A food mill is an incredibly versatile kitchen tool that I use all the time in canning applications. A food mill can be used many ways beyond canning, including pureeing super smooth mashed potatoes, baby food, and more. Read this post for how to select a food mill, how to clean a food mill, and how to use a food mill for canning success!
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For canning recipes, the food mill is irreplaceable. Well, I suppose you could replace it, but it would be with a tool that takes longer, is harder to use, and isn’t as versatile.
A food mill works by pressing the fruit or veggie against a plate with holes in it, much like a cheese grater. The food that falls through the holes is perfectly smooth puree and the refuse up top in the hopper is the skin, cores, seeds, and tough parts that you don’t want to eat. It’s magic, and you need one.
I choose the food mill to make jam that’s smooth and nearly seedless and perfect applesauce. It’s priceless for applesauce because I don’t have to peel or painstakingly core the apples before cooking them. It’s genius, and it saves a ton of time. I also use it for any recipe- canning or not- when I want a really smooth, fast result.
I really love that the food mill is a simple, non electric device. It is just 3 metal pieces that fit together easily (and come apart easily) and they won’t just decide to quit working one day the way an electric food processor might.
How to Clean A Food Mill
Scoop out the wet and slimy peels, skins, seeds, cores, etc from the hopper with a spatula, or if you are fearless mother (like yours truly!) with your hands. The refuse is compost gold. The stuff you can remove by hand can be rinsed out in the sink. Of all the things you clean when canning, clean your food mill first. Dried on skins are particularly difficult to clean from a food mill.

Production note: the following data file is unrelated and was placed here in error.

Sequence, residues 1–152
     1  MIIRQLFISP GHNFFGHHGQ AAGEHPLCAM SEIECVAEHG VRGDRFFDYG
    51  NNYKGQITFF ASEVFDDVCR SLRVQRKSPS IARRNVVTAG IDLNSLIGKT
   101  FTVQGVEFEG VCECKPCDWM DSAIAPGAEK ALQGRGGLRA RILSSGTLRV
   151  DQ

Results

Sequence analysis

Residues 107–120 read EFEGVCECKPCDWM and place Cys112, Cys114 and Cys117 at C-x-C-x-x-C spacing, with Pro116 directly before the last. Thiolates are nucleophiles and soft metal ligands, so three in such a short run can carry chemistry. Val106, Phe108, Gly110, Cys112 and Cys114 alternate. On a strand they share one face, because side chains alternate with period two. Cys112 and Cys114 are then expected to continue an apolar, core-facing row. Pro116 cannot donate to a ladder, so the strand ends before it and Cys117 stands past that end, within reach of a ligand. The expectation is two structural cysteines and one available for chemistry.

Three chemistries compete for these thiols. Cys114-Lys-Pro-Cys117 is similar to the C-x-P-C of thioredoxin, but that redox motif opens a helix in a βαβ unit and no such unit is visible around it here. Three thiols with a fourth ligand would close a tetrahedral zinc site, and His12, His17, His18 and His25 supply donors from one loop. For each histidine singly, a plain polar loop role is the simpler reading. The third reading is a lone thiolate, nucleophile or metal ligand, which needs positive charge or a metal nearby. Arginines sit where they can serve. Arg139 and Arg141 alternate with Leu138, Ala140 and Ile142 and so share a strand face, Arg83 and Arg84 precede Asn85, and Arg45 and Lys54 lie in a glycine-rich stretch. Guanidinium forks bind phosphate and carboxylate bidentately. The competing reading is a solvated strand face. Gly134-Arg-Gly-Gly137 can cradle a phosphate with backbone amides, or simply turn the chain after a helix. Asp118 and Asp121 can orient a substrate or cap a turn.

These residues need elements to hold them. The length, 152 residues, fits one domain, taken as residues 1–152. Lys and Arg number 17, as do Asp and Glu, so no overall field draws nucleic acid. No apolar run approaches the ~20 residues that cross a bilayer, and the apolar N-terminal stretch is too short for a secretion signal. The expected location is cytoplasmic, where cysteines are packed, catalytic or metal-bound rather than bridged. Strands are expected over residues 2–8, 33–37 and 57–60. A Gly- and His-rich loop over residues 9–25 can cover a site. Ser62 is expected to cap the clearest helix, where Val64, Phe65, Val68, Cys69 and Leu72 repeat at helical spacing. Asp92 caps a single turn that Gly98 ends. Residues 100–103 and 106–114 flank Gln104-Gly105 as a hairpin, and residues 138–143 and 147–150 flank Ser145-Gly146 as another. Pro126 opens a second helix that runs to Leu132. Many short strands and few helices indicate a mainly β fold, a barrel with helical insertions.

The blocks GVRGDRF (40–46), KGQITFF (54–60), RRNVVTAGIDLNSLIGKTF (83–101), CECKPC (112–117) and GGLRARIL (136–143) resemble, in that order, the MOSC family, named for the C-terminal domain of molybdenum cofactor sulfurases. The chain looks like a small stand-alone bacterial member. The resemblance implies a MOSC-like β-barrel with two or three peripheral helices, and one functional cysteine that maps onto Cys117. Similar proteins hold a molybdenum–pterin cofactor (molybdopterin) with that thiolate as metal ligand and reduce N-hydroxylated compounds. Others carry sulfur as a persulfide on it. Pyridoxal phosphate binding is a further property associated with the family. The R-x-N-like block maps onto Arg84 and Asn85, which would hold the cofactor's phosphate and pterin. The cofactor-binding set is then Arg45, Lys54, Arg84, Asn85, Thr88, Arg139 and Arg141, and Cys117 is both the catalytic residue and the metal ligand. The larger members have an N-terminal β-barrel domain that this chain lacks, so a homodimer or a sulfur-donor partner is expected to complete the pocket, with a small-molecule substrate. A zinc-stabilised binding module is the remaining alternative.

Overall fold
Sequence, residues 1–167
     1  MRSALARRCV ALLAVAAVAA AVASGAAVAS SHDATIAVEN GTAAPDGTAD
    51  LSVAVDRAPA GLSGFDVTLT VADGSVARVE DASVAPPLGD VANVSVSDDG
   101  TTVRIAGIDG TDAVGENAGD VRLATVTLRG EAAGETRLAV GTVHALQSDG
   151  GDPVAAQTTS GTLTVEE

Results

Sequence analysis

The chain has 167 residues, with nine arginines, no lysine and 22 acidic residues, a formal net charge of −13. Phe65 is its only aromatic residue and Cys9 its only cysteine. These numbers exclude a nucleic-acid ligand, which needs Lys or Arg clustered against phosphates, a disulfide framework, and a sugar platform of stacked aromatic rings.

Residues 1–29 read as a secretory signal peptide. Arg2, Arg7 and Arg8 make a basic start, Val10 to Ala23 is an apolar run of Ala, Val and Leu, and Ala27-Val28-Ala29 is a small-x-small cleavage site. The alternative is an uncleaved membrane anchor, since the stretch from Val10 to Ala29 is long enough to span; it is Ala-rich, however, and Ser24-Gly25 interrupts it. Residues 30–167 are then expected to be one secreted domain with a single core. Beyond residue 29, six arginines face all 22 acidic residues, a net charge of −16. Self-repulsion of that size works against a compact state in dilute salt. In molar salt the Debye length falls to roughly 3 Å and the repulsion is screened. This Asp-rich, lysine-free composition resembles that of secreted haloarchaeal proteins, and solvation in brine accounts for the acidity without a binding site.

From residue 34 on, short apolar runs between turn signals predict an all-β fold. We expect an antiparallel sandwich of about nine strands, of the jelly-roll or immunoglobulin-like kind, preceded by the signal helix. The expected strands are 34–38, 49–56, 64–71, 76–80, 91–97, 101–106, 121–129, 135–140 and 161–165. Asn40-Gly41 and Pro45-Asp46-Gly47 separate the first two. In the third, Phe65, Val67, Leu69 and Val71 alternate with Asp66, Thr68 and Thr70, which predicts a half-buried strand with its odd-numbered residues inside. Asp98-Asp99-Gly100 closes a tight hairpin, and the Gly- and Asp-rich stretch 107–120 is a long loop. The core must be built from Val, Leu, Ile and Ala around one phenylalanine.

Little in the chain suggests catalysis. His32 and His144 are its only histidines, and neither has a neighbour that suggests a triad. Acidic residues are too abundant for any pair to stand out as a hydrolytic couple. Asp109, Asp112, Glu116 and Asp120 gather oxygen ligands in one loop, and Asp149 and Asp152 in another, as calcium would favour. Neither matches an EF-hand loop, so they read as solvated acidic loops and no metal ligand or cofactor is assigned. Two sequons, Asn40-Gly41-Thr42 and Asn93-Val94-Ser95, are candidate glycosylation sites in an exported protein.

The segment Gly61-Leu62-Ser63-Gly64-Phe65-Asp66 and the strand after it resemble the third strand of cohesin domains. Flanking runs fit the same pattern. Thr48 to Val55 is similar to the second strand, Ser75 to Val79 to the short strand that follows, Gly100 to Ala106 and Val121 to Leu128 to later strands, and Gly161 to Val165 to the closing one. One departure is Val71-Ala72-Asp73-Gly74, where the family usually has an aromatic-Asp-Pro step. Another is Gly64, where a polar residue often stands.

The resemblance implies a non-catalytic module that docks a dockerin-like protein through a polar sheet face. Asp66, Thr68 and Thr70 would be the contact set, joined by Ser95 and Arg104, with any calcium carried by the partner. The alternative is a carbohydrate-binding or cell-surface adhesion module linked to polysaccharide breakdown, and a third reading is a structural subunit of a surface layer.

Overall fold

What type of food mill should I use?
There are indeed several types of food mills to choose from. I LOVE my Oxo brand food mill because it has grips on the legs, it is very easy to clean, and has 3 plates. I can make a super smooth, medium, or coarse puree. I definitely recommend choosing a food mill with different plate sizes.
There are a few all metal options that I haven’t used personally but look like they would be good quality. This stainless steel option from Weston interestingly has no legs which I think could be really nice because it could sit down into a bowl. It also has 3 plates (a must) and would be easy to clean.
Old Fashioned Strainers
There are old fashioned strainers out there that are called Squeezo Strainers that essentially do the very same thing as the food mill but with a conical plate instead of a flat plate. If you tell any experienced canner that you want to work up 100 pounds of apples, they will almost surely tell you to use the old-style Squeezo (or similar brand) Strainer. This is the new version (that looks almost exactly like the old).
While they are made in America, which I love, they are expensive ($200!) and hard to clean (imagine getting into the elbow there!). You have to clamp them to a table or countertop which provides you with a sturdy workstation but sometimes isn’t as convenient. The hopper size of these older style mills is the same or even smaller (even though they are overall larger/taller than the Oxo food mills). To me, because they are bigger than a food mill, much more tedious to clean, and more expensive, the Oxo food mill is what I would recommend hands down every time.
What other canning equipment are must-haves?
Be sure to check out this post for the ultimate guide to canning equipment.